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Author Topic: What's the limit of stolen images to be shut down??? fritzkocher issue  (Read 29714 times)

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« on: October 05, 2009, 10:26 »
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Exactly.

What do you think would be an adequate number of stolen images in your portfolio or ripped off photographers until an agency will shut you down?

For over a week now a friend (seriously it's a friend and not me) is trying to get an agency (of the Big 6) to shut down a blatant thief who ripped off images from at least 4 other photographers.

After copies of his images were removed along with his entire portfolio he is now back online (without claimed images from my friend).

Further "research" (thank you Tineye) showed that 4 more photographers were ripped off by the same person.

Now get this:

Although the agency already started removing the other photographer's images from the culprit's portfolio he is still selling other stolen material.

Don't even think about starting with stuff like "It's up to the agency to decide if it's actually copyright infringement or just a similar image" BECAUSE:

I layered the images in Photoshop and they are 100% identical plus it also involves exclusive photographerS from an agency that shall remain nameless.

This is a significant issue for all involved.

But out of interest  I just wanted to know if I'm just over reacting...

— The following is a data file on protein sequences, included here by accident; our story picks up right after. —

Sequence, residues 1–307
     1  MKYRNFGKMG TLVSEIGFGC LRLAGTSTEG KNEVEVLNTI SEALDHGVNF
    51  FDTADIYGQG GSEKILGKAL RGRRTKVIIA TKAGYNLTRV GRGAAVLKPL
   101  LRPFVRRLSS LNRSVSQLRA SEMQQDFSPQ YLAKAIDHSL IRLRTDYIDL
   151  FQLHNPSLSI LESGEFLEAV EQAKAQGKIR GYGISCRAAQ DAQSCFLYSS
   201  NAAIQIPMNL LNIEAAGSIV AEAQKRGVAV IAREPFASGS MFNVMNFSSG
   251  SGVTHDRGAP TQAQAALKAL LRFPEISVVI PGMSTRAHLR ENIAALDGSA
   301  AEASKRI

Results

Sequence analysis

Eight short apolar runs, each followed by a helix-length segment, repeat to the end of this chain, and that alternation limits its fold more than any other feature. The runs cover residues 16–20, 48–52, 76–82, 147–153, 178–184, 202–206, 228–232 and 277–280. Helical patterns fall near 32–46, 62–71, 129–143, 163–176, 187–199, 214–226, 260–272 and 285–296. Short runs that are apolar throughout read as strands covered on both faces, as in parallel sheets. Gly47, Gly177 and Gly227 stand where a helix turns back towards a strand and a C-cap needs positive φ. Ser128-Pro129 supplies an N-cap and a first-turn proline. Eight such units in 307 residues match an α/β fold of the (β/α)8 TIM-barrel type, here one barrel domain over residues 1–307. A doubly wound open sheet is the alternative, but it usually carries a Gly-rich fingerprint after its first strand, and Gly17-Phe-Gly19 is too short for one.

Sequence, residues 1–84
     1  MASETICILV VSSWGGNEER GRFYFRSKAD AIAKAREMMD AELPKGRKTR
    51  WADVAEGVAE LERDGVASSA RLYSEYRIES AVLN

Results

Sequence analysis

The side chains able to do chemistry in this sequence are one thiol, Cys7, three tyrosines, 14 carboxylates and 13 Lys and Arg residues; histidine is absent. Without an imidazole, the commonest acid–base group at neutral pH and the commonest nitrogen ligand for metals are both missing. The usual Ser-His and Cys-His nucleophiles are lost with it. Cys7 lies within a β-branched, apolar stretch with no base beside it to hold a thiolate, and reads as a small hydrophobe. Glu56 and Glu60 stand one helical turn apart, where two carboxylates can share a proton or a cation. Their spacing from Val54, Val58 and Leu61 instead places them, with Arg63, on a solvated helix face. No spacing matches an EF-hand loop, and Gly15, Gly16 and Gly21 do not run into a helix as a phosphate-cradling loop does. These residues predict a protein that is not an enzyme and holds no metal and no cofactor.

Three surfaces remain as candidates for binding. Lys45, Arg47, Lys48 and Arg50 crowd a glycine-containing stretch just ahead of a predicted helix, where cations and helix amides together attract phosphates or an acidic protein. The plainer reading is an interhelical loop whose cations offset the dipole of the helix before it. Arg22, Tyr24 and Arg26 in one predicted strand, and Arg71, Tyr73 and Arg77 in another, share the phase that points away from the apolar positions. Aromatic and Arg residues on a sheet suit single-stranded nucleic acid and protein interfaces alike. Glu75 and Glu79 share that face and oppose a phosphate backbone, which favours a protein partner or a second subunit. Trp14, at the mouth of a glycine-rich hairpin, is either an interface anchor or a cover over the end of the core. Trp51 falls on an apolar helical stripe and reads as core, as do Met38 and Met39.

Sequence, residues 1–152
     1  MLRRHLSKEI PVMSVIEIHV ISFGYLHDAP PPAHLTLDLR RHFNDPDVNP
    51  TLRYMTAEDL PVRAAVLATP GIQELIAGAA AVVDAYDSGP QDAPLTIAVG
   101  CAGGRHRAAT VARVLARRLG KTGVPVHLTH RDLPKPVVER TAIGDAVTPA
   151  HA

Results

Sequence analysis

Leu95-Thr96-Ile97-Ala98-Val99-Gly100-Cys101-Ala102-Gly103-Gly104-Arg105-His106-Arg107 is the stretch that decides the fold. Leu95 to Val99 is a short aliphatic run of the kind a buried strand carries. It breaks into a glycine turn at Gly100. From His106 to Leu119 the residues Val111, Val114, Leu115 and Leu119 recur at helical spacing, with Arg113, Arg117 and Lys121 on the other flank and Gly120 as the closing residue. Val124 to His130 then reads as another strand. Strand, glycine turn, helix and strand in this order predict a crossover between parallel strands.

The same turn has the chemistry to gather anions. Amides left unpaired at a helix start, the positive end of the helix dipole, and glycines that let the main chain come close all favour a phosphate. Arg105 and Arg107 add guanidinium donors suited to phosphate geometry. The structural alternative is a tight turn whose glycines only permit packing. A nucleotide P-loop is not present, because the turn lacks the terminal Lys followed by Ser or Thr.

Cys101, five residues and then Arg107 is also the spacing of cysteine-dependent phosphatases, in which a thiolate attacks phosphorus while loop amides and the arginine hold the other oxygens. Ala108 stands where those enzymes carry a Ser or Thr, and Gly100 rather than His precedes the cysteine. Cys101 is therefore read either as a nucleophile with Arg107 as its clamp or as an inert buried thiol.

« Last Edit: October 06, 2009, 20:28 by click_click »


« Reply #1 on: October 05, 2009, 10:29 »
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Quote
What do you think would be an adequate number of stolen images in your portfolio or ripped off photographers until an agency will shut you down?

One

« Reply #2 on: October 05, 2009, 10:51 »
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Do yo mean stolen or plagiarazed?

« Reply #3 on: October 05, 2009, 11:10 »
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Do yo mean stolen or plagiarazed?

I mean downloaded, modified in Photoshop (simple plugin change) and re-uploaded.

Or downloaded and used as a part of another composition consisting out of other stolen images.

With plagiarized I understand that he took someone's concept and re-shoot it himself. That is not the case here.
He downloaded the images of others, modified them (slightly) and is selling them as his own. The changes are so slightly that even Tineye picked it up...
« Last Edit: October 05, 2009, 11:13 by click_click »

« Reply #4 on: October 05, 2009, 11:23 »
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One .. punishable by public flogging.

« Reply #5 on: October 05, 2009, 11:26 »
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Please name and shame both the thief and the agency in question (especially the latter). Sunshine is the best disinfectant.

« Reply #6 on: October 05, 2009, 11:35 »
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Coincidentally ever since this thread went live, the portfolio is gone at the agency in question.

Here is the link to his 123RF portfolio:

http://www.123rf.com/portfolio/fritzkocher/1.html

Some stolen images are still online there...

Check if yours is in there.


« Reply #7 on: October 05, 2009, 11:35 »
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We'll see how things turn out, but I was pleasantly surprised today when I got a quick response to a claim that a contributor had taken an image of mine and used it with minimal changes (a blurry background in one case and a few other background elements in the other) as if it were his own.